Heavy punches held back in Sishen case

2011-08-16 07:19

Expect the temperature to be turned up a few notches in the coming days as a potentially explosive case is heard in the Pretoria High Court.

Pleasantries all round and the interpretation of law typified the first day yesterday of a potentially explosive hearing in the Pretoria High Court over the disputed 21.4% mineral right in Sishen mine, as ArcelorMittal SA (Amsa) argued why it never had to apply for this right it previously owned.

Anyone expecting fireworks would’ve been disappointed.

From the first day in March last year when Kumba made public that the right had been granted to an unknown “third party”, the case caught the public’s attention like few other corporate battles have done before; precisely for touching the raw nerves of transformation, corporate oversight and ethics, corruption, service delivery as well as political patronage.

Yet Amsa, led by Senior Counsel Michael Kuper, delved for most of the day into legal definitions and previous judgments to argue that the Mineral and Petroleum Resources Act (MPRDA) didn’t provide for the granting of fractional rights, in effect absolving it of the responsibility to have applied for its previously held 21.4% right.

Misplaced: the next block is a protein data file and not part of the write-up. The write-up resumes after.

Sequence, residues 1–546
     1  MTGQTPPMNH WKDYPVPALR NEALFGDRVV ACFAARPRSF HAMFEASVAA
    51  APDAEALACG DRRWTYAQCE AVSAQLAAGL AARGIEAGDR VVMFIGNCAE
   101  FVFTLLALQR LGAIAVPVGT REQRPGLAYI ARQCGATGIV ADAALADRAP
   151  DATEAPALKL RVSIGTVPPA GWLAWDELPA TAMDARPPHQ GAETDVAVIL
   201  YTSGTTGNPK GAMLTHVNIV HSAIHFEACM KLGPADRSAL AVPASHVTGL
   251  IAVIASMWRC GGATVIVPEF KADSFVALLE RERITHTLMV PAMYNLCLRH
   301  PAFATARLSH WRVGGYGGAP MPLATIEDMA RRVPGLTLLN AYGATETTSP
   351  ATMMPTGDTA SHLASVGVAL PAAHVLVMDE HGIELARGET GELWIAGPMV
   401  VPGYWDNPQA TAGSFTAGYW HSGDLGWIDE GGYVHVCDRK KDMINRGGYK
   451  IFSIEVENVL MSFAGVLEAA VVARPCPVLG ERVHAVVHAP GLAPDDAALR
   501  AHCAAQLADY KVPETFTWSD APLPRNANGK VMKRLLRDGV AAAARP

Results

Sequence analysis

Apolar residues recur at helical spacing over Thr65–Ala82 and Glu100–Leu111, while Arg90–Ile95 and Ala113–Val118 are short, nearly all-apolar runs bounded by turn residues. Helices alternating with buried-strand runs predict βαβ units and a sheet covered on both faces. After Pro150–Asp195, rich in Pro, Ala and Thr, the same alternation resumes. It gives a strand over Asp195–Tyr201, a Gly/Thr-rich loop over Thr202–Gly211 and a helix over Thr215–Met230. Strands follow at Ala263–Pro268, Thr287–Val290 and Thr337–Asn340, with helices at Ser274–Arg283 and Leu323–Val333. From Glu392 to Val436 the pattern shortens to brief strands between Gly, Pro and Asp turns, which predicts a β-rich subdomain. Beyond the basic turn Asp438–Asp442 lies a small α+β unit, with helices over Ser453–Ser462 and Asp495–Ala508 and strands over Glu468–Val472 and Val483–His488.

“Our position in the court proceedings is essentially that Sishen Iron Ore Company (Sioc, a Kumba subsidiary) holds 100% of the Sishen mining right,” the group said in a short statement issued after yesterday’s proceedings.

“This does not mean that we are aligned in any way with Kumba.

“We are seeking relief that is inconsistent with the relief that Kumba is seeking. We believe, however, that Imperial Crown Trading 289 should not have been awarded a 21.4% prospecting right.”

Its motivation for holding this view becomes clear in the statement’s final sentence: “We also maintain, in the arbitration proceedings between us and Kumba that Kumba remains obliged to supply our 6.25 million ton of iron or at cost plus 3%, in terms of our agreement.

“One would assume the technicalities of law would make way for more searing and uncomfortable discussions on how the case became so contentious in the first place.”

Kumba’s Senior Counsel, Chris Loxton, had about 45 minutes before the close of proceedings to argue why Amsa’s interpretation of the law was flawed.

Today will probably kick off with more of the same.

Yet, as the parties start to work through the evidence contained in the approximately 5 000 pages submitted to court, one would assume the technicalities of law would make way for more searing and uncomfortable discussions on how the case became so contentious in the first place.

These are but a probable few:
» Are there too many similarities in the applications of Kumba and Imperial Crown Trading?
» Did Kumba “post date” its application?
» Did the mess start because Amsa forgot to apply for its right?
» What exactly happened in the DMR’s North Cape regional offices over the Workers’ Day long weekend of 2009?

Expect the temperature to be turned up a few notches in the coming days. – miningmx.com

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